Mavericks of Steel

Far removed from the buzz of technology and well below the belly of today’s much-hyped carbon fiber and titanium lies the soul of bicycle frames. Out of dusty shops filled with scraps of metal and well-used tools emerge some of the most beautiful, eclectic, yet exquisitely performing bicycles, available today.

For decades, the art of the handmade steel bicycle has been all but lost on generations clamoring for bikes made from more lightweight, aerodynamic materials. While it’s true aluminum, carbon fiber and titanium have a weight advantage over steel, bikes made from these materials are less durable – which is why many steel builders have dubbed these bikes “once and done” or “disposable.” Anyone who has ridden a steel frame understands its unmatched durability, responsiveness, attractiveness and most importantly, performance.

In recent years, the bike industry’s growth has been largely driven by the wave of cyclists seeking the type of lightweight, name brand frames like those ridden by Lance, Jan or Floyd. Between 2002 and 2004 alone, the sport witnessed a 50 percent jump in road bikes sales, according to the National Bicycle Dealers Association.

The current status of cycling sits atop a foundation laid by the bike boom in the 1970s. During that decade, the residual effects of the irreverent 1960s played an influential role in the lives of young cyclists, among the likes of Richard Sachs, Peter Mooney, J.P. Weigle, Ben Serotta and Tom Kellogg. Coming of age during this period, they were easily enamored by cycling, first through racing and later through their desire to craft a perfectly designed steel frame.

Connecticut’s Richard Sachs was a teenager attending a New Jersey boarding school when he says he became “smitten with bikes and bike racing.” By 1971, he was fully engulfed in the sport. After graduating from high school, Sachs scoured trade magazines for the names of bike makers in England. His letters outlined a wager: free shop labor in exchange for learning how to build steel frames. Plans to pursue writing at Goddard College quickly vanished, and Sachs spent 10 months in England absorbing every detail he could at Witcomb Lightweight Cycles.

Defying expectations to follow their passion was a common thread among the bike makers emerging from this era. Sachs best explains it when he says, “all of us had a little of that counter-culture streak and had the attitude of the generation before of doing your own thing.”

Like Sachs, builders Weigle and Serotta also studied at Witcomb in the early 1970s, while Mooney honed his skills from the great Ron Cooper at Cooper’s hole-in-the-wall shop in London.

“I went to England in 1974 and wandered around to three or four shops,” explains the Pennsylvania builder Kellogg, who held a Cat 1 license from 1974-1978, racing numerous road, time trial and track events. “I got job offers everywhere I went because at that point the crafts era was out of fashion in England but picking up in the states.”

And it was this handful of wide-eyed East Coast builders – along with a smattering of others in California, Portland and Chicago – that would return home to ignite a renaissance that would endure for more than three decades.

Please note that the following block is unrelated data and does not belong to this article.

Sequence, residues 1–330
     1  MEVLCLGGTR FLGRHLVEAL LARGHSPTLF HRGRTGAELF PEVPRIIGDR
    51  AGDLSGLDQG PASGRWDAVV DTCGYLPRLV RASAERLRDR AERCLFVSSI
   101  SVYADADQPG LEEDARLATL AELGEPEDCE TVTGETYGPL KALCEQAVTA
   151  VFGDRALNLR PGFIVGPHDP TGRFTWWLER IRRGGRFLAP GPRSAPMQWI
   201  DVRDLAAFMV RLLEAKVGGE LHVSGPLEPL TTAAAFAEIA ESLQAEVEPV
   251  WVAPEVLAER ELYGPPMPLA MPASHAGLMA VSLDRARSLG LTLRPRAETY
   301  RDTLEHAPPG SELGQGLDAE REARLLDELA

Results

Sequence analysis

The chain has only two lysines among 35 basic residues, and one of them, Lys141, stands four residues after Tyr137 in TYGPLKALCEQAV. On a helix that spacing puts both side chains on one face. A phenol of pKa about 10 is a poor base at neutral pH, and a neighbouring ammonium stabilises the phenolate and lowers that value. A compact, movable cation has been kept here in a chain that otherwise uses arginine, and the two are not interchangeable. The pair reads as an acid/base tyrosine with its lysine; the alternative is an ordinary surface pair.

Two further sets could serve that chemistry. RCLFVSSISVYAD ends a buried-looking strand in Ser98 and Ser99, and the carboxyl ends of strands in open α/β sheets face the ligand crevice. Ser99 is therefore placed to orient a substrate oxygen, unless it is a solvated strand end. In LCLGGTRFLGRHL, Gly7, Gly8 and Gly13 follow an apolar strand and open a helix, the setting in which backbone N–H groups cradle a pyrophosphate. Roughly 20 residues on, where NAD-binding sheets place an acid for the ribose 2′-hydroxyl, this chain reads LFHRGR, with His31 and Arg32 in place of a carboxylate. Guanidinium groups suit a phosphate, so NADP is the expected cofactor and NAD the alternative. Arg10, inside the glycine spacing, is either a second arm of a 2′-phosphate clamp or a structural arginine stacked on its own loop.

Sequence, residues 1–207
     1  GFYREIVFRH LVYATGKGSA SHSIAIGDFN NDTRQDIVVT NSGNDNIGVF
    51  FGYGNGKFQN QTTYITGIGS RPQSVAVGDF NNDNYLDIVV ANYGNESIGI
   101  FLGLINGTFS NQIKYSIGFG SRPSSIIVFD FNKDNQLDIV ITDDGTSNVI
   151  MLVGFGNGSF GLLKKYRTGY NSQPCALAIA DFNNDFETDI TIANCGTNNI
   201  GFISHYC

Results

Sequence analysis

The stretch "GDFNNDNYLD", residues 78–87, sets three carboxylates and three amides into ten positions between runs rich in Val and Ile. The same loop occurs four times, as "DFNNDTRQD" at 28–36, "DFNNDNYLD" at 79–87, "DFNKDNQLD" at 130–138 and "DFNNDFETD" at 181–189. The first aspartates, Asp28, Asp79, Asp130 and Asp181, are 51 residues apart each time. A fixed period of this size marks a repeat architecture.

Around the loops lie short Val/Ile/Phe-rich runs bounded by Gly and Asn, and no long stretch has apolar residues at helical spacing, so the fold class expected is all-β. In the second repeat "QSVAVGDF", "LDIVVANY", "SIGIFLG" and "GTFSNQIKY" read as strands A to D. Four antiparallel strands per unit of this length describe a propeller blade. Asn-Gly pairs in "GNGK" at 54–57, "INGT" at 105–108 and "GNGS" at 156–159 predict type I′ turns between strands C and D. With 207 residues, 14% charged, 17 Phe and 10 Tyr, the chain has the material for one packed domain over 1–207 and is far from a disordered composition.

Made to Perfection

Even with cycling’s popularity in the United States during the 1970s, handmade bike builders largely operated under the radar of mainstream America. While many in their generation were embarking on professional careers, Sachs and Mooney, and their East Coast contemporaries, spent hours at their workbenches perfecting the art of building bikes the old-fashioned way.

“There were about 10 of us, and it was something unconventional in America,” says Sachs, who at 53 is still an avid racer and holds a Cat 2 license. “Most Americans don’t work with their hands. They go to college and live in the suburbs.”

Upon returning from England, Sachs and Weigle became the primary frame builders at Witcomb USA. After a few short years, Sachs had no desire to become part of the traditional bike manufacturing market. So he ventured out on his own, launching a shop in 1975, and Weigle followed, opening his Connecticut shop in 1977.

Like many American builders at the time, Sachs spent his early career looking to Europe as the pinnacle of bike building. After several trips to Italy, however, it became clear that there was nothing extraordinary about European-built bikes.

“We were young and had blinders on,” Sachs concedes. “Bike making is a trade, and despite what people tell you, in Europe, builders weren’t at a bench creating bikes one at a time. It was just a job. We tried to assimilate something that didn’t really exist.”

In essence, Sachs believes he and his counterparts were inventing their own style, one that has produced ageless, superbly crafted lugged steel gems. “We wound up creating something that had never occurred,” Sachs adds. “The way bikes are made now could be considered high art.”

This cadre of East Coast builders sits atop a family tree of builders and brands. Sachs and Weigle begat Chris Chance, who in turn begat Independent Fabrication and Merlin, which then spawned Seven Cycles. The careers of Ben Serotta and Tom Kellogg have intertwined with all of those brands. And such emerging East Coast builders as Mike Flanagan, Tom Stevens, Mike Zancanato and Toby Stanton have all woven paths with those masters.